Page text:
If you’ve just bought yourself an Aston Martin and are looking for a playlist to drink martinis to on your maiden voyage, then we’ve got you covered. From over 50 years of Bond movies, we’ve picked out the top 10 theme songs.
We’ve tried not to let the quality of the movie interfere with these tracks, but let’s be honest, no one remembers the theme song for Sean Connery’s 7th movie, Never Say Never.
A staple of the soundtrack industry, the James Bond theme songs are nothing if not dramatic, wonderfully orchestral and riddled with class.
Adele – Skyfall (2012)
If it weren’t for the fact that it was played to death on most radio stations, Skyfall would be a near perfect Bond song. The quiet start, the foreshadowing lyrics, that goosebump inspiring brass line – not to mention the breathtaking vocals from Adele. It’s not a wonder Skyfall is the only Bond theme from the 23 made so far to win an Oscar for Best Original Song.
Wings – Live and Let Die (1973)
Written by Paul and Linda McCartney, and performed by post-Beatles band, Wings, this song saw McCartney once again team up with ‘the fifth Beatle’, Sir George Martin. With brutal lyrics that sum up Bond’s lifestyle and a chorus that comes out of nowhere, much like how a surprise assassination attempt, it’s a superb theme for the Roger Moore classic.
Chris Cornell – You Know My Name (2006)
For the reboot of the series and introduction of Daniel Craig they needed a big song and Chris Cornell made it huge. The combination of gritty guitar sounds over a classic brass section made for a different take on the theme; but Cornell has stated that this was intentional, and a reflection of Bond’s inexperience in Casino Royale.
A-ha – Living Daylights (1987)
Despite a sticky falling out between A-ha and composer John Barry which ended in A-ha saying Barry shouldn’t be credited in the song and Barry comparing the Norwegian band to the Hitler Youth, The Living Daylights is still a stand out Bond song.
Carly Simon – Nobody Does It Better – 1977
Successful Bond themes have always matched the mood of certain scenes within the movie. High tempo brass hits pair well with those top of train/mid-flight helicopter fight scenes while songs like this reflect James’ endless romantic pursuits. The song by Carly Simon is one of the sexiest in the series through its flattering lyrics, gentle piano lines and the wooing vocals from Carly.
Shirley Bassey – Goldfinger (1964)
There’s nothing more ‘classic Bond’ than Goldfinger. While it was the third film of the series, it had a budget greater than the first two combined and it showed the start to those key Bond staples; the brilliant villain, the beautiful love interest and of course an amazing theme song.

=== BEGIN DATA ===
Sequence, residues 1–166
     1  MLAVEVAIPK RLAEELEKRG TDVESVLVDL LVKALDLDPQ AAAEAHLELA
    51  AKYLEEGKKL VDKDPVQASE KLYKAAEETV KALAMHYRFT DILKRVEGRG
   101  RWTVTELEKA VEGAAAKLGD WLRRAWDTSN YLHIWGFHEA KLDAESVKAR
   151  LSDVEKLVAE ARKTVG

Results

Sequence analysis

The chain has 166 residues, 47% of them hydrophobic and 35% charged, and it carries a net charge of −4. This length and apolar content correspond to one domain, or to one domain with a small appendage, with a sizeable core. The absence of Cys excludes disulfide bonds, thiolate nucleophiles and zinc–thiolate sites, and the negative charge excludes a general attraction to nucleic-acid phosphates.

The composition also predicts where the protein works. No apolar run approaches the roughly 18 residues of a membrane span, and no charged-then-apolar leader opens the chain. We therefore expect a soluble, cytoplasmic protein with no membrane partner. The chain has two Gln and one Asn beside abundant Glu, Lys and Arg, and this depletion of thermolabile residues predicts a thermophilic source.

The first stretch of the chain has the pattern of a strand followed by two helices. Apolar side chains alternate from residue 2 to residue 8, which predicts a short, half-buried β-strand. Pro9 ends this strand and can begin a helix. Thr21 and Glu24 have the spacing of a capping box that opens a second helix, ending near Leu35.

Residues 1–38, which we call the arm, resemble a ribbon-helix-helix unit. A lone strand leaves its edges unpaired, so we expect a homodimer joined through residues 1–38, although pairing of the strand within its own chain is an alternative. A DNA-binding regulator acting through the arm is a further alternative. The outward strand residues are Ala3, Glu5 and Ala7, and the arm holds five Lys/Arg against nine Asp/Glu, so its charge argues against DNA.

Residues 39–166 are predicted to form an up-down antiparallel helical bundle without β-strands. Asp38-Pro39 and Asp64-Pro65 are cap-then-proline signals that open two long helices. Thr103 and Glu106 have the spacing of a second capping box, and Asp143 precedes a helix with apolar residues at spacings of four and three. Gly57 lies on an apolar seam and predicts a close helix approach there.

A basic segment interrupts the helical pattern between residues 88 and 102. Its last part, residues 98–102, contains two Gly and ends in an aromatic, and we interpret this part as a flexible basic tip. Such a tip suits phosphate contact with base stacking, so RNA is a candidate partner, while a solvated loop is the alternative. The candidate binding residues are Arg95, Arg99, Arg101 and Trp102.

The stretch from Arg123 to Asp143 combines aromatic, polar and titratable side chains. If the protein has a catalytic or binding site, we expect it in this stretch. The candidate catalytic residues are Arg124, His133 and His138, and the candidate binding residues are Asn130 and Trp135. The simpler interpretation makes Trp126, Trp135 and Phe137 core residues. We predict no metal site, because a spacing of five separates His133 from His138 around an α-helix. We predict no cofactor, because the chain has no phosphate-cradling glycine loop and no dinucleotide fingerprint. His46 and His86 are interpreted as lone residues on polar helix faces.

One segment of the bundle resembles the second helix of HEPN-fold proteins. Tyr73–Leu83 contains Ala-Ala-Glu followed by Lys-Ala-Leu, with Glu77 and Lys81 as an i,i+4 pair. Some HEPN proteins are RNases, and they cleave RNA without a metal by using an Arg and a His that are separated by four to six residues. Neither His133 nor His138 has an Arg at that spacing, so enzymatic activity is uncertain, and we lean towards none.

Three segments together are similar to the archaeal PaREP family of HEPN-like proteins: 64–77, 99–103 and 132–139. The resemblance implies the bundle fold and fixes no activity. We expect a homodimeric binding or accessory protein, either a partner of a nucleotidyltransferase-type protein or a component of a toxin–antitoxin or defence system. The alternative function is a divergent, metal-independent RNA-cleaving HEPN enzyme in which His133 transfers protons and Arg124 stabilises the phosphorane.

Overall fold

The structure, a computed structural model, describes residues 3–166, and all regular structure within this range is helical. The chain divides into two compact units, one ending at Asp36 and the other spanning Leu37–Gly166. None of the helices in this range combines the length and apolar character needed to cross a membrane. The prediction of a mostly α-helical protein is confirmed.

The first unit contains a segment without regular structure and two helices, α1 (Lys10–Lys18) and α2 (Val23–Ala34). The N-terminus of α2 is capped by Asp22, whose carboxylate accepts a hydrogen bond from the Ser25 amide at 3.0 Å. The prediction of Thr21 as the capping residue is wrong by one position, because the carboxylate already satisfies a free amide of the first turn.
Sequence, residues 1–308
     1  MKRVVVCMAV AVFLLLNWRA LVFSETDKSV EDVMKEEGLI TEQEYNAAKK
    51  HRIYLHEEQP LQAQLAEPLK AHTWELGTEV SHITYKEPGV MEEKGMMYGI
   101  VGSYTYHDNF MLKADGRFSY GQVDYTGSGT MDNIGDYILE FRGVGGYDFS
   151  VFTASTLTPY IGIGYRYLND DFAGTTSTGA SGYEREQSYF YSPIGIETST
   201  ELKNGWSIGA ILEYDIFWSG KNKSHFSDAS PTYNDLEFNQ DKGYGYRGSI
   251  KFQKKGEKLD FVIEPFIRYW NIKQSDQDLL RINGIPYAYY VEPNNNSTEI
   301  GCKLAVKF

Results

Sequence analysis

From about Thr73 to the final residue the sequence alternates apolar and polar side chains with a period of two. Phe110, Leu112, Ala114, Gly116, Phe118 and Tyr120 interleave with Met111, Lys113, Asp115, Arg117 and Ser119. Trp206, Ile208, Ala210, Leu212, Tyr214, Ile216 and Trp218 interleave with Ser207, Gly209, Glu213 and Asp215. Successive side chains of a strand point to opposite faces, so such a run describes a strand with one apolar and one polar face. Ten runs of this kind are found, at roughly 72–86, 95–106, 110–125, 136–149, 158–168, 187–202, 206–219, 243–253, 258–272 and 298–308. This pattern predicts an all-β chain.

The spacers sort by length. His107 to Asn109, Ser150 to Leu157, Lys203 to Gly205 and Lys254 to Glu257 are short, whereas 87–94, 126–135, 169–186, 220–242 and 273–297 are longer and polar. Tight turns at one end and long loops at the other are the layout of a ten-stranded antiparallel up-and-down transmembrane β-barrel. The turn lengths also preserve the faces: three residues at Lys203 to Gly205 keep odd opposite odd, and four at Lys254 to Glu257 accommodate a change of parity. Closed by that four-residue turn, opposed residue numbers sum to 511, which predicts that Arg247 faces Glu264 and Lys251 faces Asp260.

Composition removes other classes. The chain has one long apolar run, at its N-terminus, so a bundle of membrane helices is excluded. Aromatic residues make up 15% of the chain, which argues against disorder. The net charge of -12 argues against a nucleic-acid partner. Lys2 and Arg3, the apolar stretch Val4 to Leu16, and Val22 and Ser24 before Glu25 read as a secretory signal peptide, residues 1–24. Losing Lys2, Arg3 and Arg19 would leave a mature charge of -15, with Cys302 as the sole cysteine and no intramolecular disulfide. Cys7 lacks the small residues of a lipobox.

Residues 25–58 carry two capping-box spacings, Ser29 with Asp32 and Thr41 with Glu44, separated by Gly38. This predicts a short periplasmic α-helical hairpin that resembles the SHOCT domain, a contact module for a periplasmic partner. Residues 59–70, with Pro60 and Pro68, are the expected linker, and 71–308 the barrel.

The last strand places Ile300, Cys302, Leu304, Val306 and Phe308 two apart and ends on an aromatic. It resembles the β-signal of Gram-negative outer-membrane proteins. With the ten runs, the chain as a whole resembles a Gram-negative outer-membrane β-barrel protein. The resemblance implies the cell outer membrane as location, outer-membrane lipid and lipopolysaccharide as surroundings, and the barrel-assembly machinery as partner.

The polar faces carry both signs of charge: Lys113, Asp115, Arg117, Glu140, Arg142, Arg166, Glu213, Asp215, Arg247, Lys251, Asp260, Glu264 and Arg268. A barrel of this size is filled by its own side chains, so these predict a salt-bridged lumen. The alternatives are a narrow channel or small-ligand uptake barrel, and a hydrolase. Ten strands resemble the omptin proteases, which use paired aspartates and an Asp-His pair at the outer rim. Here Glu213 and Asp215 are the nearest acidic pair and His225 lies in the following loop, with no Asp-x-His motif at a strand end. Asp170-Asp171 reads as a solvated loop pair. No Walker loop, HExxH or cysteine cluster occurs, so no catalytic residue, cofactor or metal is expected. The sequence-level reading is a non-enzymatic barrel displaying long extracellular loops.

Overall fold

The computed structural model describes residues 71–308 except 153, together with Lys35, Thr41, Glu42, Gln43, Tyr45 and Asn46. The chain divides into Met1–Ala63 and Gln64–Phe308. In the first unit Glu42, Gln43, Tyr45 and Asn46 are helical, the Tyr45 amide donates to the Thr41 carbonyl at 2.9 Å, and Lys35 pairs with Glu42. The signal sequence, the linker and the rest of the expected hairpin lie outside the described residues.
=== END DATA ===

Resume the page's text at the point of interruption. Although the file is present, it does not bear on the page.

Sung by Shirley Bassey who’s often considered the voice of the franchise, you can see how this film set up the series to last for over 50 years. After the huge success of Goldfinger, Bassey was asked back for two more Bond themes and a number of secondary songs.
Dionne Warwick – Mr. Kiss Kiss Bang Bang (1992)
Dionne Warwick’s contribution is the only song on the list that isn’t the official theme tune for a Bond film. Back in 1965, Albert Broccoli decided that all the theme songs had to have the same name as the movie, so Tom Jones’ Thunderball was chosen instead.
Luckily the matching the movie title rule was lifted before Quantum Of Solace came out because that would’ve been a tricky one to rhyme with.
Tom Jones – Thunderball (1965)
With its slinky brass sounds and forceful vocal performance, it’s no surprise Tom Jones pulls the classiest Bond theme of the lot.
Sheena Easton – For Your Eyes Only (1981)
The 80s were a strange time for the Bond themes. As with all adaptable franchises, the films tried to keep the score up to date for the viewers, which meant bringing in 80s acts for the theme.
Nothing screams 80s more than this synth infused power ballad by Sheena Easton.
Nancy Sinatra – You Only Live Twice (1967)
While we haven’t seen any YOLT bumper stickers, the theme song by Nancy Sinatra stands out for one reason and one reason alone; that swanky violin line at the start of the song.
While Sinatra’s vocals didn’t make her an obvious pick for a Bond song , the sublime string orchestration from John Barry lands this song a spot on our list.
While you’re here, check out our list of the best movie soundtracks of all time.